Medical Motherhood’s news round up
Snippets of news and opinion from outlets around the world. Click the links for the full story.
• From the Associated Press via OregonLive: “‘Wrongful life’ damages OK, court says, when woman gave birth to disabled girl after clinic messed up contraceptive shot”
The Washington Supreme Court says that under state law, it’s OK for judges to award extraordinary damages in so-called “wrongful life” cases where a child has birth defects or disabilities that require extensive care.
The unanimous decision Thursday came in the case of a woman who became pregnant in 2011 after a federally funded health clinic mistakenly gave her a shot of flu vaccine instead of the contraceptive Depo-Provera. Her child was born with a condition that causes cognitive delays, slowed speech and language skills, epilepsy and vision problems.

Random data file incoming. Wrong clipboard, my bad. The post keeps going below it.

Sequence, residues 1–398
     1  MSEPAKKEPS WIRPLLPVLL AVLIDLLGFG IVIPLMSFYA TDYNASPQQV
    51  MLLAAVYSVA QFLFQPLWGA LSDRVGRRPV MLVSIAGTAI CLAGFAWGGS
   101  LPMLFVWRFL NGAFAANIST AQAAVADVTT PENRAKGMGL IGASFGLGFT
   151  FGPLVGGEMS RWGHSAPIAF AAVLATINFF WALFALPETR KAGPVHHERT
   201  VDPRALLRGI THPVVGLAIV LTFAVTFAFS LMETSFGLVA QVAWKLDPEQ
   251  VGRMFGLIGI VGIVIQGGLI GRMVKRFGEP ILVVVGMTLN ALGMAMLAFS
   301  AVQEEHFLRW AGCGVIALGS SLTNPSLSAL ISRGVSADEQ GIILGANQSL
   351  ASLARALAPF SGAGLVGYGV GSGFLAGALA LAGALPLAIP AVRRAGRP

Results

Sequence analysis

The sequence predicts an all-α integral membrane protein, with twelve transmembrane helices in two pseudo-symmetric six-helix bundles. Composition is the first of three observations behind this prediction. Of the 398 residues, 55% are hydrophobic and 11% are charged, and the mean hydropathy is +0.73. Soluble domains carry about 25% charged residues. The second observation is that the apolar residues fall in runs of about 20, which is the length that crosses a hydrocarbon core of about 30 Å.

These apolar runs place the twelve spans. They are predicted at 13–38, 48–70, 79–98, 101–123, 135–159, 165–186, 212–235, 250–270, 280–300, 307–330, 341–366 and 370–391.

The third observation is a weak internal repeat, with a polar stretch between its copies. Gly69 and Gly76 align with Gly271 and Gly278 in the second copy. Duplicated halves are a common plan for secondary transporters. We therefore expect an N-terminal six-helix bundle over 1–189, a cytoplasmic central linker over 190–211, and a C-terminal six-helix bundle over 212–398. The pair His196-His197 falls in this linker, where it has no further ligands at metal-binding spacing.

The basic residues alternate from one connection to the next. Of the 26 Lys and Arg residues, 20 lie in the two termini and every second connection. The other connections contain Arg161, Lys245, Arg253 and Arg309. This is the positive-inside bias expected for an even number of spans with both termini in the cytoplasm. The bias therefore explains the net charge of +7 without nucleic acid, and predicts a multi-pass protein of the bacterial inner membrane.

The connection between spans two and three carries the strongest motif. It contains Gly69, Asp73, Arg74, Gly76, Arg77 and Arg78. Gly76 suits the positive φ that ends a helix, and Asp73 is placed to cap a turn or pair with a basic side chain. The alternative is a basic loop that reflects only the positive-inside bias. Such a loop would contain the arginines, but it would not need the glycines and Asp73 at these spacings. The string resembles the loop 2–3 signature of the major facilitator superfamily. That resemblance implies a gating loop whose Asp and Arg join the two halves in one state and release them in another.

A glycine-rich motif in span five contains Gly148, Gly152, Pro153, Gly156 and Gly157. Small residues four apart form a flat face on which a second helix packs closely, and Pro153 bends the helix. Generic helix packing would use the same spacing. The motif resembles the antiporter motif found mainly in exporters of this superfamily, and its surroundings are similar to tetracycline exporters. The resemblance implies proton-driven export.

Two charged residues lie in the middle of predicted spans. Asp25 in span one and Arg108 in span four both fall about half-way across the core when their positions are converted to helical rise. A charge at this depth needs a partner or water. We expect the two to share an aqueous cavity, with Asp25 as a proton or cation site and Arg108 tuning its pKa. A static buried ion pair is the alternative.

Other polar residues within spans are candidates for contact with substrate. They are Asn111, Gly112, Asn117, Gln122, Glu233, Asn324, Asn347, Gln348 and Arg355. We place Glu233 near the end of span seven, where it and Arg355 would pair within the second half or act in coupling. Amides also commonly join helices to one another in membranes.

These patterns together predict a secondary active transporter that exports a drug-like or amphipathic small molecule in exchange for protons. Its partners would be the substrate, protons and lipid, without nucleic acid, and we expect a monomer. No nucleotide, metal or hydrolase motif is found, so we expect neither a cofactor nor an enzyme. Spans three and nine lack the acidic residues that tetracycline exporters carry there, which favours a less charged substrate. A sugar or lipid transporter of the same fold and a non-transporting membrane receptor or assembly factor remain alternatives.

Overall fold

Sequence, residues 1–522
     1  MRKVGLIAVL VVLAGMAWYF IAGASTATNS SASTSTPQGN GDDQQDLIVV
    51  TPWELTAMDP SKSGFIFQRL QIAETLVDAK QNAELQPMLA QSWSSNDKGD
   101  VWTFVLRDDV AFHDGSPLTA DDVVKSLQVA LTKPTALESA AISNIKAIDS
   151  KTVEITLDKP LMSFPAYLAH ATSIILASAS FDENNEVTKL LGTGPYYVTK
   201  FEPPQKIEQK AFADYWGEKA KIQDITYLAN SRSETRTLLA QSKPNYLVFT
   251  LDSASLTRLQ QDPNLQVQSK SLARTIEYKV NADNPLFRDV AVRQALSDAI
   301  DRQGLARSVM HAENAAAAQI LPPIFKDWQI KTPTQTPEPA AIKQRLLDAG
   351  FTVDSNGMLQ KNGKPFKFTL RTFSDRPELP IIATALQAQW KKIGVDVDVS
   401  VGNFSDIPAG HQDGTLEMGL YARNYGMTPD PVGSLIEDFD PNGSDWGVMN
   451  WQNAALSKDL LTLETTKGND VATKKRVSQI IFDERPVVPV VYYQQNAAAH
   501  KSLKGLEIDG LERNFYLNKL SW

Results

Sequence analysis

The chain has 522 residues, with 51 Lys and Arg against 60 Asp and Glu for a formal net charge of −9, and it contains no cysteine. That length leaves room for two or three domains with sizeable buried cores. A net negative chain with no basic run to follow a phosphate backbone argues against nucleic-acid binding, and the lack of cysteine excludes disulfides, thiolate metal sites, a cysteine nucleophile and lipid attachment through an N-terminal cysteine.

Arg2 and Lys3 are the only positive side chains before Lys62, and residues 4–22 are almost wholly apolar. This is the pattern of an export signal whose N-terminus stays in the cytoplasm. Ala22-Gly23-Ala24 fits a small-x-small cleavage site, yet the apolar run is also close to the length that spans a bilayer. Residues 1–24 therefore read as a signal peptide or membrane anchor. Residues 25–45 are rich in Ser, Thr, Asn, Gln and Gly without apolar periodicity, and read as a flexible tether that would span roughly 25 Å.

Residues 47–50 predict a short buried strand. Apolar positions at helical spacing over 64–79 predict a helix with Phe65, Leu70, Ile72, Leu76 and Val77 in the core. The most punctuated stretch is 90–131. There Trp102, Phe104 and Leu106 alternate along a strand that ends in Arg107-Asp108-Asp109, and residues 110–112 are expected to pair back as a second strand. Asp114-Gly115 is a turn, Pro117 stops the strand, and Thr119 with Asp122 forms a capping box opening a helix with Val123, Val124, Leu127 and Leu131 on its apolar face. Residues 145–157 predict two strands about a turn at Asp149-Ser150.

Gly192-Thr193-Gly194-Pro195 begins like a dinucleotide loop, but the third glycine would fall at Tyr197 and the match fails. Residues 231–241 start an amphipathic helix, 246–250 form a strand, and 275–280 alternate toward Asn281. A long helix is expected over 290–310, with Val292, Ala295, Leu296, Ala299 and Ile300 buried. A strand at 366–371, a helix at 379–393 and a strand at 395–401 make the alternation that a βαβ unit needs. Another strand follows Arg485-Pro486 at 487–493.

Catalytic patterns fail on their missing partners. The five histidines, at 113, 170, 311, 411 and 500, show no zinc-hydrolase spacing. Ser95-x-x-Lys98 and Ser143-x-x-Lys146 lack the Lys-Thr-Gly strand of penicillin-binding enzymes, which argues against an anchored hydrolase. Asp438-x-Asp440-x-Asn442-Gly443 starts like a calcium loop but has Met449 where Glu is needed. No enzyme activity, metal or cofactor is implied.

Following a trial in 2020, U.S. District Judge Robert Lasnik awarded the child, Sandra, and her parents, Yesenia Pacheco and Luis Lemus, $10 million — $7.5 million for her medical, educational and other expenses, and $2.5 million in damages for her parents.
The federal government was ordered to pay the damages because the Neighborcare clinic is federal funded and serves low-income patients.
• From the Autistic Self-Advocacy Network (opinion): “All Kids Deserve Inclusive Classrooms”
In an interview with MSNBC, a representative for the group Moms for Liberty appeared to imply that LGBTQ+ children should be educated in separate classrooms from other children. The representative stated that “children with autism, Down Syndrome, they… have to be put into separate classrooms” and that similarly, “for children that identify differently, there should also be a specialized… something.” These disturbing comments are an attack on LGBTQ+ students, and they also inaccurately portray segregated classrooms as necessary for disabled students. All children deserve access to education alongside their peers, in safe and inclusive classrooms. ASAN stands against Moms for Liberty’s offensive comment and the hatred and exclusion that gave rise to it.